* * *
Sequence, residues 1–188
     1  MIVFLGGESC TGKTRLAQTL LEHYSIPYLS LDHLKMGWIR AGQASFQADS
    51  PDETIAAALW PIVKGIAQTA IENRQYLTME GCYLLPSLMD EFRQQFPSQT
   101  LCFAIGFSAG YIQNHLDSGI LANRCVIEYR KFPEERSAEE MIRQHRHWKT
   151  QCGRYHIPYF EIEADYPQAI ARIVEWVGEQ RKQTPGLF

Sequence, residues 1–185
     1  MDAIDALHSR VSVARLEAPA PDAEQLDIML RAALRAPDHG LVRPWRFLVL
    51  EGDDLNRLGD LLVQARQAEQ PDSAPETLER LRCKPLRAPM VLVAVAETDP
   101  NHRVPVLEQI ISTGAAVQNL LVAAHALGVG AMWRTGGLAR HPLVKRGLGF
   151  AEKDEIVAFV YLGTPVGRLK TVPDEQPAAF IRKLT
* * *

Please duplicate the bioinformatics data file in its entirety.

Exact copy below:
Sequence, residues 1–188
     1  MIVFLGGESC TGKTRLAQTL LEHYSIPYLS LDHLKMGWIR AGQASFQADS
    51  PDETIAAALW PIVKGIAQTA IENRQYLTME GCYLLPSLMD EFRQQFPSQT
   101  LCFAIGFSAG YIQNHLDSGI LANRCVIEYR KFPEERSAEE MIRQHRHWKT
   151  QCGRYHIPYF EIEADYPQAI ARIVEWVGEQ RKQTPGLF

Sequence, residues 1–185
     1  MDAIDALHSR VSVARLEAPA PDAEQLDIML RAALRAPDHG LVRPWRFLVL
    51  EGDDLNRLGD LLVQARQAEQ PDSAPETLER LRCKPLRAPM VLVAVAETDP
   101  NHRVPVLEQI ISTGAAVQNL LVAAHALGVG AMWRTGGLAR HPLVKRGLGF
   151  AEKDEIVAFV YLGTPVGRLK TVPDEQPAAF IRKLT